Anisimov's third-period goal leads Blackhawks past Pens
PITTSBURGH — Artem Anisimov scored a power-play goal in the third period, and the Chicago Blackhawks continued their winning streak against the Pittsburgh Penguins with a 2-1 victory on Saturday night.

Anisimov scored his 10th goal of the season just 21 seconds after Pittsburgh tied the game. Gustav Forsling scored his second for the Blackhawks, who won their eighth straight against the two-time defending Stanley Cup champion Penguins.

The Blackhawks have won three of their last four games after taking two of their previous seven.

Corey Crawford made 35 saves for Chicago, including a right-pad stop on Phil Kessel in the final 20 seconds (see full recap). 

Lee scores 2 goals, Islanders beat Lightning
TAMPA, Fla. — New York Islanders coach Doug Weight had a simple message after a big lead was slipping away: Stay calm.

Anders Lee scored twice and the Islanders held on after nearly blowing a four-goal lead, beating the Tampa Bay Lightning 5-3 Saturday night.

"He was just telling us what we needed to hear," New York right wing Josh Bailey said of Weight's message on the bench midway through the third. "He was just getting his point across. We just needed to calm down a little bit, realize we're in a good position. We've still got the lead in the third period on the road against the top team in the league." (see full recap). 

Ovechkin returns after puck to face, Caps snap Wild's streak
WASHINGTON — Alex Ovechkin returned from taking a puck to the face, T.J. Oshie had a goal and an assist and the Washington Capitals snapped the Minnesota Wild's winning streak at four with a 3-1 victory Saturday night.

Behind goals from Oshie, Dmitry Orlov and Evgeny Kuznetsov and 30 saves by goaltender Braden Holtby, the Capitals stopped their skid at two and won their fifth consecutive game at home.

Ovechkin was bloodied in the second period when a puck ramped off his stick and into his face, but Washington's captain got some repairs and was back on the ice for the start of the third. He set up Kuznetsov's goal late in the period.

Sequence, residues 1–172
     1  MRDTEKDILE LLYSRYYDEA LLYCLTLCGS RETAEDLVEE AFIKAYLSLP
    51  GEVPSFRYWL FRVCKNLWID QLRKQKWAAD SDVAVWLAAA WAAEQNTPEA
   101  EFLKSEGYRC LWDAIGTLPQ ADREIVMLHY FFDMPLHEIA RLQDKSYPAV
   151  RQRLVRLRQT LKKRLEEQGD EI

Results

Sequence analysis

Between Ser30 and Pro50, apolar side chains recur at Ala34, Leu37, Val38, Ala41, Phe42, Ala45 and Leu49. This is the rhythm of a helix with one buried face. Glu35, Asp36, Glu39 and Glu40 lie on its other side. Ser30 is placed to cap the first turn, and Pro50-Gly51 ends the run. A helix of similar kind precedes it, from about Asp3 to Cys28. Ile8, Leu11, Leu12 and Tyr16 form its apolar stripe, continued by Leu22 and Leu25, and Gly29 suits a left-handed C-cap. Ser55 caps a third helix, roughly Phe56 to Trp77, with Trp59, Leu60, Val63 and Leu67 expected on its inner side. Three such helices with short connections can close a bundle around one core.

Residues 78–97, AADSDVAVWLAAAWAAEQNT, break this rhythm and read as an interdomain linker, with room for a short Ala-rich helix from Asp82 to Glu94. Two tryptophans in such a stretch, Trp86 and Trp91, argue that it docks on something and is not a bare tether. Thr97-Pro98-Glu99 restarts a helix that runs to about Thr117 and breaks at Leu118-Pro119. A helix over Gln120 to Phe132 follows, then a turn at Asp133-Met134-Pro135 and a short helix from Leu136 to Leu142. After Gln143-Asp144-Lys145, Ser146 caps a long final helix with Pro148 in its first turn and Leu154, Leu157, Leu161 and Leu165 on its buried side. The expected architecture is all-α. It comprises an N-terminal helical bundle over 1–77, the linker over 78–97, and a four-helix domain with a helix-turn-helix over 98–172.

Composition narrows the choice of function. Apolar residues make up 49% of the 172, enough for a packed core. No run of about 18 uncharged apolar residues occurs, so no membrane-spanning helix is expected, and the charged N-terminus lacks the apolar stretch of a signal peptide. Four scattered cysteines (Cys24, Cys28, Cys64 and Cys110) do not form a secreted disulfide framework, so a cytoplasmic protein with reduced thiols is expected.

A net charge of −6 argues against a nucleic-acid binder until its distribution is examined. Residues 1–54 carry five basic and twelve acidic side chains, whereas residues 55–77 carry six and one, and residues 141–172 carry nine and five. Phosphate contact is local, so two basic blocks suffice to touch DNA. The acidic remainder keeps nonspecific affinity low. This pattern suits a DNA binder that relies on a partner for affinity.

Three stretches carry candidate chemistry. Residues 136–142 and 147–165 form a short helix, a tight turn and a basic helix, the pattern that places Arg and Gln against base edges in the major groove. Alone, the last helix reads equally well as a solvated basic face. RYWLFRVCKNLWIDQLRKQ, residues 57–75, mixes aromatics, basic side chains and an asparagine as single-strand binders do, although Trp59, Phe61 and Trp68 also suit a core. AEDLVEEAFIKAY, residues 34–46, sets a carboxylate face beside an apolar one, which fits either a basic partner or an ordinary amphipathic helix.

Nino Niederreiter scored for Minnesota, which lost for the first time since Nov. 8. Backup Alex Stalock stopped 40 of 43 shots in his first career start against the Capitals (see full recap.) 

Selfish, undisciplined play dooms Flyers in OT loss to Flames

Selfish, undisciplined play dooms Flyers in OT loss to Flames

BOX SCORE

The Flyers' emotions got the best of them Saturday afternoon, and in turn, they got the best from Sean Monahan.

Monahan's second-period power-play hat trick was the result of the Flyers' selfish, undisciplined penalties, which allowed the Calgary Flames to erase a two-goal deficit and take down the Flyers, 5-4, at the Wells Fargo Center (see observations).

Michael Frolik capped the Flames' comeback, converting on a 2-on-1 chance just 1:18 into overtime.

"It's not deflating — it pisses you off," Flyers head coach Dave Hakstol said, "when things are a little bit within our control at that point in time. They're penalties that could have been within our control. That obviously turned and changed the hockey game drastically."

Defenseman Shayne Gostisbehere was the primary culprit behind the Flyers' lack of discipline.

After a fracas in front of the Flyers' bench that saw Michael Raffl take a stick up high, Gostisbehere was the recipient of an unsportsmanlike conduct penalty for yelling at referee Tim Peel. The Flyers successfully killed that two-minute minor and then Gostisbehere was sent back to the box 65 seconds later for elbowing Flames forward Micheal Ferland against the boards.